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'Nurseries Aren’t Built With Escape Routes, and It Was Clear What Was Happening'

Twenty-four years had passed since I had been in the nursery where I had spent my first few days of life. Now, there I was again, a third-year medical student on the first day of my pediatrics rotation and nearly as clueless as my initial stay.

My attending was busy with some administrative tasks and told me to go ahead and examine a baby. It had been many years since I had held an infant. As anyone with experience with infants will tell you, they are surprisingly tough and resilient. As anyone without that experience will tell you, they are quite likely to break into a million pieces if not handled with exquisite care.

Awkwardly, I unwrapped the little guy from his nursery blanket. Was the fontanelle really supposed to be that big? Were the testicles really supposed to be that small? Oh my God, what are these red splotches all over? As I finished up my poking and prodding, I glanced around at the perfectly swaddled bundles in the room. I tried thinking about how they wrapped my burrito at Chipotle.

Suddenly, there was a vigorous knocking at the nursery window. I tried to pretend I didn’t hear it at first, but it soon became clear that that would be impossible. There was a young woman standing on the other side of the glass pointing at me. I could see her mouthing the words, “Who is that?”

I froze. My heart sank, and my stomach lurched. Great beads of sweat leapt from every gland on my body. I saw her in the periphery of my vision briskly walking around the corner to meet someone at the secure doorway as I frantically tried to finish my burrito wrap. I needed to find an escape route.

But it was no use. Nurseries aren’t built with escape routes, and it was clear what was happening. Without her consent, some incompetent imposter was manhandling her baby, maybe even trying to steal him. This mom was coming to kill me.

I heard a mumbled conversation around the doorway as I desperately tried to maintain continence. If there had been a paper bag within reach, I would have breathed into it. In a few minutes that seemed like eternity, my attending came around the corner smiling.

“She wanted to know who you are,” he said. “She wants you to be her baby’s pediatrician when she’s born. She liked the way you handled the baby.”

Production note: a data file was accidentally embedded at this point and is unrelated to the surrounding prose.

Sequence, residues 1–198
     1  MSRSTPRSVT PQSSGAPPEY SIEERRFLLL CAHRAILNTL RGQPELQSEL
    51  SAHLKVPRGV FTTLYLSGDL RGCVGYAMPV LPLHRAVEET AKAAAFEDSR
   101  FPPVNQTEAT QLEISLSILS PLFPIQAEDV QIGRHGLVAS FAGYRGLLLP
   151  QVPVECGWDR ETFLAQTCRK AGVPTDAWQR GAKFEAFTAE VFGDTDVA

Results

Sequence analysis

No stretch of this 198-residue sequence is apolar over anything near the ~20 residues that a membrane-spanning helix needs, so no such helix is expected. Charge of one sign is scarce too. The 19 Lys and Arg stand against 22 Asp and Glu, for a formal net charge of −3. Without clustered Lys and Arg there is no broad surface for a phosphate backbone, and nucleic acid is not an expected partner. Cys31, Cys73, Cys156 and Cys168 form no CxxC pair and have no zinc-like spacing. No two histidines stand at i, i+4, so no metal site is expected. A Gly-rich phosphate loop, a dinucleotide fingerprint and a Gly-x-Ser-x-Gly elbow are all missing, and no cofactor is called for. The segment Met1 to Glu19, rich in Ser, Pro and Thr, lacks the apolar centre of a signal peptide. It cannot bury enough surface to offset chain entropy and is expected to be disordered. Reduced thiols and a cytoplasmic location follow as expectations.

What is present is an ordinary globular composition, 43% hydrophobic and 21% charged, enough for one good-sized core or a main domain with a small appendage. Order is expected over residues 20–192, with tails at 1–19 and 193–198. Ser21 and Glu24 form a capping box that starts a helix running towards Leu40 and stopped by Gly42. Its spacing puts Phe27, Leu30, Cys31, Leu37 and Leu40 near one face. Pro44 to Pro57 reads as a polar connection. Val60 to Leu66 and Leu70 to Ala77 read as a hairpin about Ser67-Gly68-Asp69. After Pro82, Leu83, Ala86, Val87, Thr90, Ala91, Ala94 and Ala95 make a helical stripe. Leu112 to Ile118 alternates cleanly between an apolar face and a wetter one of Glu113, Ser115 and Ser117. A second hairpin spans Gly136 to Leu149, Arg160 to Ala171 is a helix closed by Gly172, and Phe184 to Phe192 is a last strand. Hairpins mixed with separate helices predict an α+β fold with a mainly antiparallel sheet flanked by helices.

Relief flooded through me, and I giggled nervously at the discordant perceptions the woman and I had of my baby-handling. I happily rode my adrenaline high the rest of the day. But later I’m not sure exactly when (but long after my pits dried out) I came to realize what a wonderful lesson this mom-to-be had given me about fear and caring.

If you ask patients if they would rather have their doctor be a jackass medical genius or merely nice, many say they would put up with the jerk for the expertise. But I’m not so sure the survey results tell the whole story. In the real world, patients don’t possess the tools required to evaluate a physician’s competence. They do, however, know if their physician cares.

The mom-to-be that day in the nursery clearly knew nothing of my competence. All she saw was a few moments of me handling a baby like a Ming vase, and in those few seconds her mind was made up on who her baby’s doctor would be. She saw I was concerned. She saw I cared. And that was enough.

Thinking of that day now, I remind myself to carry a little fear for my patients with me. I remind myself to ask if the fontanelle should really be that big or if the testicles should really be that small. Most importantly, I remind myself that it’s OK to let a little of that fear show to the patient. 

J. Lane Wilson is a full-spectrum family physician at the Brody School of Medicine at East Carolina University in Greenville, NC. He is married to another family physician and is the father of three. He enjoys hiking with his family, running, and is a Major League Soccer fanatic.

Image: Zurijeta / shutterstock

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